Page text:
Now in its 9th year, the John Maddox Prize, a joint initiative of the charity Sense about Science and the scientific journal Nature, is awarded to one or two people a year for standing up for sound science in public. The Maddox Prize 2020 received over 100 nominations from 34 different countries.
The prize is run and funded by Sense about Science, where Sir John Maddox was a founding trustee, and Nature, where he was editor for over 20 years, with support from Clare and Andrew Lyddon.
In response to COVID the judges would also like to recognise the extraordinary efforts to communicate the initial stages of the novel coronavirus both by Ai Fen and Li Wenliang. These doctors from Wuhan General Hospital went above and beyond to communicate their concerns about the presence of a novel Coronavirus, particularly when considering the positions they were in and consequences they were likely to face. They feel that both these doctors require recognition for this effort, Ai Fen in having initiated the communication to her colleagues and thereby ‘distributing the whistles’ and Li Wenliang’s efforts, as he was dying of COVID-19, to communicate to the world his treatment and suppression.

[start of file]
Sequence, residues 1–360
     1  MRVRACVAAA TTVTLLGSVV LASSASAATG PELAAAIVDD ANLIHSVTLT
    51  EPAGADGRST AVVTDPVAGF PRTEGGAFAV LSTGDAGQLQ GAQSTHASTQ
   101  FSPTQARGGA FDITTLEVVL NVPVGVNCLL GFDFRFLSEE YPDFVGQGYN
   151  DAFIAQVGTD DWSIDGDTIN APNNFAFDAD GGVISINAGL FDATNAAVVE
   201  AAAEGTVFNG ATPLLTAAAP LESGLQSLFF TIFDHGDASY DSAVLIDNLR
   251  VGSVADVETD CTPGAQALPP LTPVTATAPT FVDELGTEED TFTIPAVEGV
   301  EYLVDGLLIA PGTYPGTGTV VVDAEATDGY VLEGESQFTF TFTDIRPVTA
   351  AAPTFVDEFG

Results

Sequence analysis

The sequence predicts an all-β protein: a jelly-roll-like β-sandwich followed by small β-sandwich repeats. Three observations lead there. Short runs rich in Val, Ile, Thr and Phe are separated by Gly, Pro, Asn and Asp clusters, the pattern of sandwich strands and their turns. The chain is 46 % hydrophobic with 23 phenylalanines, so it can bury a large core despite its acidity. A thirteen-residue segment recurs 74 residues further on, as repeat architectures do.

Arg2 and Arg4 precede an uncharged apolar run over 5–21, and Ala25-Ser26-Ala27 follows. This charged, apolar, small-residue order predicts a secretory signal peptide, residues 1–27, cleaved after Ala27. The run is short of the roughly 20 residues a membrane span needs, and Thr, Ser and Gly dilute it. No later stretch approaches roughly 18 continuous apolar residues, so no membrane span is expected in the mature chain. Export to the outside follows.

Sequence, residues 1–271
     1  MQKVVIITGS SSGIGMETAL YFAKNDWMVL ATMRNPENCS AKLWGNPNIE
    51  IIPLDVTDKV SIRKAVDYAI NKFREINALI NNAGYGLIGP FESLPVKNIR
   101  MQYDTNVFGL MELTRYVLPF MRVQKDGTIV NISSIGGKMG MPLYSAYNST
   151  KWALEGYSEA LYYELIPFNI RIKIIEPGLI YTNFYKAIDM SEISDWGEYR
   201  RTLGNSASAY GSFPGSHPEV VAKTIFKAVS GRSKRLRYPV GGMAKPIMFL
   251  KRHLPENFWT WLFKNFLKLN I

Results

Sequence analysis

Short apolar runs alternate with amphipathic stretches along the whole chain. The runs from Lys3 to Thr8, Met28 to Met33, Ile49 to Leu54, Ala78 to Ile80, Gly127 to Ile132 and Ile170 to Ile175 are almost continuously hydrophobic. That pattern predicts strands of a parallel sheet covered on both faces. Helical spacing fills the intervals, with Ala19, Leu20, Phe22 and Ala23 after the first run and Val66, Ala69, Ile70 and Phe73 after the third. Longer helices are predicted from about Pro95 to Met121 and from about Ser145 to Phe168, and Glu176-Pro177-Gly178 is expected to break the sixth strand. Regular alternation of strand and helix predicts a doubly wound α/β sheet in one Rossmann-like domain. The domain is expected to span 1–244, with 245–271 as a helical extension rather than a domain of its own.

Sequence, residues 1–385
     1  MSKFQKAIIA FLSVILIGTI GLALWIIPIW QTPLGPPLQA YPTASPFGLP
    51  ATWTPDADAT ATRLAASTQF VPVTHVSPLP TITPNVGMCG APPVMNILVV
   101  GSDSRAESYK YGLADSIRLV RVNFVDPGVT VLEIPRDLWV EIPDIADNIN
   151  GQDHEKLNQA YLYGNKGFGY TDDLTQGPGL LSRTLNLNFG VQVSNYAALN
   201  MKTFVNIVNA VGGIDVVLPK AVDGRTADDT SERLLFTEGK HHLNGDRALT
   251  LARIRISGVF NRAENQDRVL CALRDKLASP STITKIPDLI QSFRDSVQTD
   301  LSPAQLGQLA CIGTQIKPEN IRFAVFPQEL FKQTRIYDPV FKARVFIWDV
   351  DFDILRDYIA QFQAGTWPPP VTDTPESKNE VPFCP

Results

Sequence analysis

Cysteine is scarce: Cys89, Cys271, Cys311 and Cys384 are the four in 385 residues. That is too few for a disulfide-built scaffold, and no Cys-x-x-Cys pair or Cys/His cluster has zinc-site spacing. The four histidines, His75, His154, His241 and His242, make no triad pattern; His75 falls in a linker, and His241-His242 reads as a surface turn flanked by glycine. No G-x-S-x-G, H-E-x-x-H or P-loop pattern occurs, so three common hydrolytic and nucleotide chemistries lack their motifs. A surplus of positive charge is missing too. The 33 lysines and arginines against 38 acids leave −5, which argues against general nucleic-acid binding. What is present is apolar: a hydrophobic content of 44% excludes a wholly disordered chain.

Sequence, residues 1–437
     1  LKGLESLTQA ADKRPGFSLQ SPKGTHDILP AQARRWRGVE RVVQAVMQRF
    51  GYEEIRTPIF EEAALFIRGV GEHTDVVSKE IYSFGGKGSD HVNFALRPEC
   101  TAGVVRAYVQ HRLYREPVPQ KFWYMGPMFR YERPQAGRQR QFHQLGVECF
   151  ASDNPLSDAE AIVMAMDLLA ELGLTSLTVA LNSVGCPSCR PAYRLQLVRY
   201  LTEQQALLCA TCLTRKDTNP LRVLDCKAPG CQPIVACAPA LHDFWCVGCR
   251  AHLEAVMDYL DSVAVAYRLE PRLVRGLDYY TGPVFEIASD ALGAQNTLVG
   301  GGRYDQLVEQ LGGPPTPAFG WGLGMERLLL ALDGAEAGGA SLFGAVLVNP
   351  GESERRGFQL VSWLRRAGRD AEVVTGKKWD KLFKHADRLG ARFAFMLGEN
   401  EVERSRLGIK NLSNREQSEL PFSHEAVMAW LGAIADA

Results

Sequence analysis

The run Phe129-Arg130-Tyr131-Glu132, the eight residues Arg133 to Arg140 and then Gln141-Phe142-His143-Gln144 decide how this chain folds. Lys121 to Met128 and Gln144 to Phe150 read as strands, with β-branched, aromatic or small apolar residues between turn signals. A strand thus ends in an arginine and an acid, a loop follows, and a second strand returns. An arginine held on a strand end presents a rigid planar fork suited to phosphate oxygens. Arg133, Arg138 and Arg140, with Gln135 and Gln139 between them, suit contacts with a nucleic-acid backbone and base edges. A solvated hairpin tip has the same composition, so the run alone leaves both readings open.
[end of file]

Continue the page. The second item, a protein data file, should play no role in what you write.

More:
Judges commended the work of Donato Boscia, head of the Bari unit of the CNR Institute for Sustainable Plant Protection (IPSP) in Italy, for continuing to identify and explain the Xylella fastifiosa outbreak decimating the olive industry in Italy despite facing lawsuits and a smear campaign that he started the outbreak.
They commended the work of Lucas Garibaldi, Director of IRNAD, for his engagement with agribusiness in Argentina to explain the evidence for more sustainable farming practices.
They also commended the work of Brian Earp in the controversial field of genital cutting in children for taking a multi-disciplined, science-based approach to a deep-rooted cultural practice.
Salim Abdool Karim: “I am deeply honoured to receive the 2020 John Maddox Prize for Standing up for Science, jointly with Dr Anthony Fauci. Having scientifically challenged AIDS denialism over two decades, the Covid-19 pandemic turned out to be a much more complex challenge. Providing scientific advice on Covid-19 in the midst of uncertainty and anxiety proved to be a difficult path but one that was readily achieved by staying true to scientific evidence without bending to ideology or vested interests. Serving the public by promoting science, evidence and public discussion during two pandemics has been a privilege.”